Update on Proposed Internet Sales Tax Legislation
Internet Sales Tax—What is it?
Presently, catalog and online sellers must collect sales and use taxes only in states where they have a physical presence. In states where sellers don’t have a physical presence, the responsibility falls on consumers to pay a use tax directly to the states in which they reside. Since the vast majority of consumers don’t do that, legislation called The Marketplace Fairness Act has been proposed to shift the responsibility from consumers to sellers by allowing states to collect taxes from out-of-state “remote sellers” that have no physical presence in their state.
Where does the proposed law stand now?
In May 2013 the Senate, but not the House, passed the Marketplace Fairness Act. The Act contains an exemption for small businesses and calls for states to provide free software to aide online sellers in tax collection. Under it, states cannot collect taxes from “remote sellers with annual gross receipts in total U.S. remote sales not exceeding $1 million in the preceding calendar year.” In response, Rep. Bob Goodlatte (R-Va.), the Chair of the House Judiciary Committee tasked with overseeing this proposal in the House, signaled his gross disapproval of the Senate’s bill and issued his Seven Principles to guide drafting the House Bill. In December 2014, Goodlatte reaffirmed his position.
What does this mean for my business?
Two of Goodlatte’s principles are relevant for members:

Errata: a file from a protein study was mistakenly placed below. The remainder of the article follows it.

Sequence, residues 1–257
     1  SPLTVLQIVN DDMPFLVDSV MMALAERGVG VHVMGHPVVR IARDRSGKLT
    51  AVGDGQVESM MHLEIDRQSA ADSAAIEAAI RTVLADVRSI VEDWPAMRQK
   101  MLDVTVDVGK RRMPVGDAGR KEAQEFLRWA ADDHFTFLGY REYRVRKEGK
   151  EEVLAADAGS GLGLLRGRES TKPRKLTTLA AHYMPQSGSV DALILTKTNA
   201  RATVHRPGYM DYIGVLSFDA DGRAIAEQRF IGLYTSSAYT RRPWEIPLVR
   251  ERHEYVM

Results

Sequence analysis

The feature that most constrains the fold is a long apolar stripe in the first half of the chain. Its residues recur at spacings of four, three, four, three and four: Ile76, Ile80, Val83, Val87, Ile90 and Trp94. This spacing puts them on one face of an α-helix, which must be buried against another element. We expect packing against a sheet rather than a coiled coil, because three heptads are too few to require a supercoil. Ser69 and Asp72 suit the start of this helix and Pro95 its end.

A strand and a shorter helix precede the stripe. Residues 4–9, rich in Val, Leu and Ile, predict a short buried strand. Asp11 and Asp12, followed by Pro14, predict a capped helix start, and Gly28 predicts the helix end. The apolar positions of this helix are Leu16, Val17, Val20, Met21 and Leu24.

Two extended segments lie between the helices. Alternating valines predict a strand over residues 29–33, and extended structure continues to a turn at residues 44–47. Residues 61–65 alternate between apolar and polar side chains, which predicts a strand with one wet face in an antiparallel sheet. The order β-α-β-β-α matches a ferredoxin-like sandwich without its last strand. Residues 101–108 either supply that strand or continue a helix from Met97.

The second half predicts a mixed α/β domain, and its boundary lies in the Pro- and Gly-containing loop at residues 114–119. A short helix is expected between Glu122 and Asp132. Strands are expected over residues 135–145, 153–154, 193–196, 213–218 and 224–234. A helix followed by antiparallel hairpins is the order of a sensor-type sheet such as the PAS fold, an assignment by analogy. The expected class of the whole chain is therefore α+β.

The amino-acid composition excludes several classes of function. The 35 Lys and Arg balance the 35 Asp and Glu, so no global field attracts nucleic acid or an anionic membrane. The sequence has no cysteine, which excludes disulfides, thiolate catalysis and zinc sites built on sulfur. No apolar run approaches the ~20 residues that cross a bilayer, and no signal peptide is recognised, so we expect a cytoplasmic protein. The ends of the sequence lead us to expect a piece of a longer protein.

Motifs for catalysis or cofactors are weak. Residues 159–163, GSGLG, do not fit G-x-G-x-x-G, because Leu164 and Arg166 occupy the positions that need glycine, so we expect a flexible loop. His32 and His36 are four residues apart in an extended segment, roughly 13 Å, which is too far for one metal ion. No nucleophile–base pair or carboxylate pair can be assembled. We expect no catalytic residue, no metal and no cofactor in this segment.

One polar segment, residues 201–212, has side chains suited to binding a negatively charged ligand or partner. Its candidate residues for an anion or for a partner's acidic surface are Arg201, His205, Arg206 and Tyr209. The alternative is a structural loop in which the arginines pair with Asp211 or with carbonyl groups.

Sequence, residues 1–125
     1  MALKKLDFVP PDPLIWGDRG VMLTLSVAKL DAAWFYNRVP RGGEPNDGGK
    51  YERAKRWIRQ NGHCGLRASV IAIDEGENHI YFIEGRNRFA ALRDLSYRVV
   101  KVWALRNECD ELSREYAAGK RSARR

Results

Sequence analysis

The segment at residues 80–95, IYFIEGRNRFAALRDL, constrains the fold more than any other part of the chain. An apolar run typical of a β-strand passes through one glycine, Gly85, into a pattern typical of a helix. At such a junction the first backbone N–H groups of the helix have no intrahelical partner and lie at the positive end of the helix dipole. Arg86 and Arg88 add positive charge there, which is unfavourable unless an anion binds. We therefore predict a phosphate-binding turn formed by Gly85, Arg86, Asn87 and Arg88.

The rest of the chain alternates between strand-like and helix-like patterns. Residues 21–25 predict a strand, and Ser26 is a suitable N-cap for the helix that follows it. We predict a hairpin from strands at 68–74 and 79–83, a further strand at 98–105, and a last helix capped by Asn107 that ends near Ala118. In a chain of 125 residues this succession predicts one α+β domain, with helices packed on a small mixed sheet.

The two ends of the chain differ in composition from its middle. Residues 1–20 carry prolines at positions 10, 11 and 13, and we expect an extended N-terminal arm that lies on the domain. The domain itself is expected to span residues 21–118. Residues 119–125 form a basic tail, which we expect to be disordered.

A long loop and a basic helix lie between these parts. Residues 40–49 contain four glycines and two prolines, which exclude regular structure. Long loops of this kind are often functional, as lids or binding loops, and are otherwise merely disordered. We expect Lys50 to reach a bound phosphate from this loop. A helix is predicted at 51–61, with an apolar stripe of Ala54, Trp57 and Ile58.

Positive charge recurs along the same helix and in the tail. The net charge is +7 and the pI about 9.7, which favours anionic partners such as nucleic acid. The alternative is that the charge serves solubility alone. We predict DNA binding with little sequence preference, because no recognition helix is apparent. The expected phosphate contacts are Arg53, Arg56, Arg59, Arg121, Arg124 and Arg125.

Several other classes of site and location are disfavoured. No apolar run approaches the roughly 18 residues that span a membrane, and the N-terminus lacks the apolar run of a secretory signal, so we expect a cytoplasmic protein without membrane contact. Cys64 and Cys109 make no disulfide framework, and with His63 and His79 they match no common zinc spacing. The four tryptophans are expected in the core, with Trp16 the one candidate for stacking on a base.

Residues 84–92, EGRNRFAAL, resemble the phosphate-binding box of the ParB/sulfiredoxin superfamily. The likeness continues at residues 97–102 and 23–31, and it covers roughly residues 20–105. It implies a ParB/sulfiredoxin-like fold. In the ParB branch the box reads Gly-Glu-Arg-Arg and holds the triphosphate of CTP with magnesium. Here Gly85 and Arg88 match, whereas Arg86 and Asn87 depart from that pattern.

Tech Neutrality: “Brick & Mortar, Exclusively Online, and Brick & Click businesses should all be on equal footing. The sales tax compliance burden on online Internet sellers should not be less, but neither should it be greater than that on similarly situated offline businesses.
Simplicity: “Governments should not stifle businesses by shifting onerous compliance requirements onto them; laws should be so simple and compliance so inexpensive and reliable as to render a small business exemption unnecessary.”
Both of these principles would eliminate the Senate’s $1 million exemption for small businesses and require all remote sellers to collect taxes.
When is Congress going to consider this proposed law again?
In December 2014, House Speaker John Boehner (R-Ohio) promised his caucus that he would revisit the measure early next year. Keep in mind, variations of this bill have been under consideration for a couple of years. When the new 114th Congress convenes, it has several must-pass pieces of legislation it will prioritize. And with the 2016 presidential election around the corner, typically no one wants to be seen as raising taxes. But, we can’t predict when and how this will play out.
What will the ABAA do about this law?
The ABAA does not have an official position on this law for two reasons: 1) The membership and board are diverse in their sentiments and there has been no consensus; 2) Based on its tax status, there are limitations on how the ABAA can involve itself in political activities. What we will do is continue to inform the membership on the status of this and other proposed laws that could impact the membership.
What can I do about this law?
Members who would like to express their approval, disapproval, or suggest changes should consider contacting their Congressional Representatives*: http://www.opencongress.org/people/zipcodelookup
*Be advised that this has not yet been updated to reflect midterm election results.